5 Steps to Turn a Stranger into a Network Contact
Charles Purdy | Monster+HotJobs senior editor
Step 4: Stay in touch.
Your efforts to meet, record, and court new contacts are wasted if you let relationships lapse. An effective networker is participatory and involved.
Sound like a lot of work? It doesn’t have to be—in fact, your networking efforts shouldn’t take a lot of time (don’t “spam” your network by mass-sharing things of little value). Read an interesting article or book? Ask yourself who else might benefit from it. Planning to attend an industry conference or networking event? Find out how you can get more involved. Have something to say? Update your blog, and comment (thoughtfully) on the blogs of people in your network.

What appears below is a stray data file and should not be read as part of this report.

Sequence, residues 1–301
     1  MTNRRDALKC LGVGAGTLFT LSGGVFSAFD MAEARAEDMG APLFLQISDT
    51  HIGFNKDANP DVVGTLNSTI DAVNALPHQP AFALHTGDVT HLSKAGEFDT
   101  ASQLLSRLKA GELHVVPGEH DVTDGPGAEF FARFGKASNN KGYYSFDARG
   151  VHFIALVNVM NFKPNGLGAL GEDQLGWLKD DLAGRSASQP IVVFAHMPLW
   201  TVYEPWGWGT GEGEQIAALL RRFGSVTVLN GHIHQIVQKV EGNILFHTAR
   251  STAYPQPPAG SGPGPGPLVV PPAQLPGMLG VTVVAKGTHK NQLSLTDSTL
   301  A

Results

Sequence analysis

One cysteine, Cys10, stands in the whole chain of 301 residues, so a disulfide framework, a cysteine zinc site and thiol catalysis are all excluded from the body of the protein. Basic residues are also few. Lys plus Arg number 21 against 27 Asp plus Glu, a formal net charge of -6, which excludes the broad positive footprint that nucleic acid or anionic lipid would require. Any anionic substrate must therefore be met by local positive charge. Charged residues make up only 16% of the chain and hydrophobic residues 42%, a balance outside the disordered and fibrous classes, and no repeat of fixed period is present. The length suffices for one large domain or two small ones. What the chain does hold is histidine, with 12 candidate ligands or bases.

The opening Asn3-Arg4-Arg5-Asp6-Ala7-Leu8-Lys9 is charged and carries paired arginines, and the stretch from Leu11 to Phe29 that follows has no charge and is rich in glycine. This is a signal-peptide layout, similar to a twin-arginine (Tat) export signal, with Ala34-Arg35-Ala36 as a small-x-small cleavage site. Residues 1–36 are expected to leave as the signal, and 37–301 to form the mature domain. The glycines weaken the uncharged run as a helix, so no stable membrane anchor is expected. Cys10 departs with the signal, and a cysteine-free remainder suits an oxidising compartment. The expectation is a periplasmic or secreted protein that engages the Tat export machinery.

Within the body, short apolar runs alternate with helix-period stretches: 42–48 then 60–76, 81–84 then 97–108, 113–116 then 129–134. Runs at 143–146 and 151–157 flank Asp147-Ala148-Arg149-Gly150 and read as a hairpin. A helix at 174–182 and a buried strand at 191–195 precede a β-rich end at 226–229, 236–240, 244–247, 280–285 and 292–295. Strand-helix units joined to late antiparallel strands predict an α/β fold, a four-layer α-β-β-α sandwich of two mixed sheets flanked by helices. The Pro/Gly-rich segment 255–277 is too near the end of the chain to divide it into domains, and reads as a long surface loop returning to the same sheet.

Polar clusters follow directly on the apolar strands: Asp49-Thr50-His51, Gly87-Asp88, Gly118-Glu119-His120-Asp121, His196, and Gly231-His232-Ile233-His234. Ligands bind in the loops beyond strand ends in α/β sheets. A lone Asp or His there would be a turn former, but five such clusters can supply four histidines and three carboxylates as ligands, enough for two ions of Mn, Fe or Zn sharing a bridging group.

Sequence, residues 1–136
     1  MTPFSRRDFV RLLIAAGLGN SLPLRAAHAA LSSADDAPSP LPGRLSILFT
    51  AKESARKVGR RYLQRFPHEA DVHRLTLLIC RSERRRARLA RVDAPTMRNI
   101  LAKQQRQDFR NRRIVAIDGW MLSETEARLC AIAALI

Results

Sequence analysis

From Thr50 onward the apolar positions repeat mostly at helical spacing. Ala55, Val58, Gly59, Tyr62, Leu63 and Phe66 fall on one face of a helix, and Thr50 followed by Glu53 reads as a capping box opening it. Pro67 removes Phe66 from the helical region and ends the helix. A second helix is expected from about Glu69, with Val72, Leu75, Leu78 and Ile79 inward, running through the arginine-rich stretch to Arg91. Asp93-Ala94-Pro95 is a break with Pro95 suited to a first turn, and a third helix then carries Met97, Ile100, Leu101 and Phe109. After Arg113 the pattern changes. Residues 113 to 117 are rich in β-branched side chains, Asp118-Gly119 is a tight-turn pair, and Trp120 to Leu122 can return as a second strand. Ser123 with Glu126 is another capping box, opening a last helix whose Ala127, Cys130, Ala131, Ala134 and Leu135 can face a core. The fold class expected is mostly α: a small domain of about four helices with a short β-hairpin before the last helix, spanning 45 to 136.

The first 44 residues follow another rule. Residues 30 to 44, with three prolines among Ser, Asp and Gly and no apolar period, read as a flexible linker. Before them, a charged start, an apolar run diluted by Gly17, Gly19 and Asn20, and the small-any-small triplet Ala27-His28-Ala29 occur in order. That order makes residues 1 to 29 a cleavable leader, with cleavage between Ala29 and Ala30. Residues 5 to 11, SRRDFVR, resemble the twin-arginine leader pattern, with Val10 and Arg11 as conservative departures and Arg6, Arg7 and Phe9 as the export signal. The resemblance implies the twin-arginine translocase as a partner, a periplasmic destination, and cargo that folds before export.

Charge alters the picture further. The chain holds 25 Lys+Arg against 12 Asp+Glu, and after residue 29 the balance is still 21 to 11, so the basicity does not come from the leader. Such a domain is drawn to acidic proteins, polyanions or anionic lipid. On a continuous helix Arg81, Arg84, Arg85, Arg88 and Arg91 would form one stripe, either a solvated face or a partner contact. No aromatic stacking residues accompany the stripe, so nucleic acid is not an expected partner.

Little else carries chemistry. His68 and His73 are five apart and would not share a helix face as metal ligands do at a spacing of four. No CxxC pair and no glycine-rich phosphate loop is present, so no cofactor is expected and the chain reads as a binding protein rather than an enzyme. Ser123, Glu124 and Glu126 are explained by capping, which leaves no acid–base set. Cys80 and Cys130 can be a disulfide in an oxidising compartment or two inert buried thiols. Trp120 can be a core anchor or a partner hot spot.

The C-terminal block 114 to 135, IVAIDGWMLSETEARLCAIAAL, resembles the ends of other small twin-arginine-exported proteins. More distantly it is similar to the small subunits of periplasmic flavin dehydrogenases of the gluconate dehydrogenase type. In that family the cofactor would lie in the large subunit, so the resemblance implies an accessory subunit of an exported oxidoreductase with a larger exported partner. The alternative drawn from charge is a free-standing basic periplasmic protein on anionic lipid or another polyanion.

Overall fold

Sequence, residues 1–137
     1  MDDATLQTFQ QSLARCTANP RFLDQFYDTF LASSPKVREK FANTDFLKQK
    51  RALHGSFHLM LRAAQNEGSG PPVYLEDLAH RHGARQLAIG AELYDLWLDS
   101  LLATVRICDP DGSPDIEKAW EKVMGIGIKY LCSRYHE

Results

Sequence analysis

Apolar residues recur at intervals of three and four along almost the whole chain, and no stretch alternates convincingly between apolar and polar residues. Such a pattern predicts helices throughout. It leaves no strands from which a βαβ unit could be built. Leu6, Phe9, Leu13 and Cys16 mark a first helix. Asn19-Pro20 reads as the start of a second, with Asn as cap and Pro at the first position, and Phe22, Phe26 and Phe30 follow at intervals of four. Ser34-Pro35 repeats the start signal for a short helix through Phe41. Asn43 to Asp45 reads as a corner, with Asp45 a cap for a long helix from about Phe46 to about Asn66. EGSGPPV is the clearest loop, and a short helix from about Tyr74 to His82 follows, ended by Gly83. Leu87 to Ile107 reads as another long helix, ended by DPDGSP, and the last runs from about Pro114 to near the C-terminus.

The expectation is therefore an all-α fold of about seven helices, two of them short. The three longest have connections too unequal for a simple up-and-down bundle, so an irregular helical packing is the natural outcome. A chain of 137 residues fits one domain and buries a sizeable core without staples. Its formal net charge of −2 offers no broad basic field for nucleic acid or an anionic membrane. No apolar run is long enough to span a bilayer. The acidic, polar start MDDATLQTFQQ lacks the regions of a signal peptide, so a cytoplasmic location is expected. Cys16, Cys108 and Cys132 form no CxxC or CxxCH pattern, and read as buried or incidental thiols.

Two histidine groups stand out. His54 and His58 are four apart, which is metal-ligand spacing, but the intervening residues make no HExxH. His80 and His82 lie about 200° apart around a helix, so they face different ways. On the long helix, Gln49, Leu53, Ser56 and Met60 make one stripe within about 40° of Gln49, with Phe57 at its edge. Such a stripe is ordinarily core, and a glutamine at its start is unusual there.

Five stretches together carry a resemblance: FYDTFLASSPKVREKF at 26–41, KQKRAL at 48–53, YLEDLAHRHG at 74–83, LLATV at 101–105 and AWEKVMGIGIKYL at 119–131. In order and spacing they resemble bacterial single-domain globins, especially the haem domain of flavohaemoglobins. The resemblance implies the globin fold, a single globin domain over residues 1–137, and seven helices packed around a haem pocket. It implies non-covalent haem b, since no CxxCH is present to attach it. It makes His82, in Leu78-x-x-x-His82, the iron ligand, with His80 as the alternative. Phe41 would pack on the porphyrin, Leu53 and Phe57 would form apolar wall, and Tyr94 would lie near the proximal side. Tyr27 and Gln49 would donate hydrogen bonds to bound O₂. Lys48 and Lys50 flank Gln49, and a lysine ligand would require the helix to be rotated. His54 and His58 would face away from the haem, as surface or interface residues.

Step 5: Get back from your network.
If you’ve been conscientious about maintaining connections with your network, asking for something like an introduction or a favor will seem less like an imposition.
One key to getting results is to make specific requests of specific people. Sending your entire network a tweet saying, “My interior-design firm is accepting new clients!” probably isn’t enough—because it’s not speaking directly to anyone, and it’s not offering a tangible value. A better tactic is a targeted message to the right people—for instance, an email, describing your expertise in decorating boutique-hotel lobbies and asking for an introduction, to a contact in the hotel business.
Be concise with your requests, don’t pester people, and don’t take it personally if someone isn’t able to help you—the reasons may be beyond his or her control. And finally, don’t forget to say “thank you”—if one of your contacts finds a way to help you, look for a way to help him or her, so your relationship will grow even stronger.
This article was originally published on Monster.com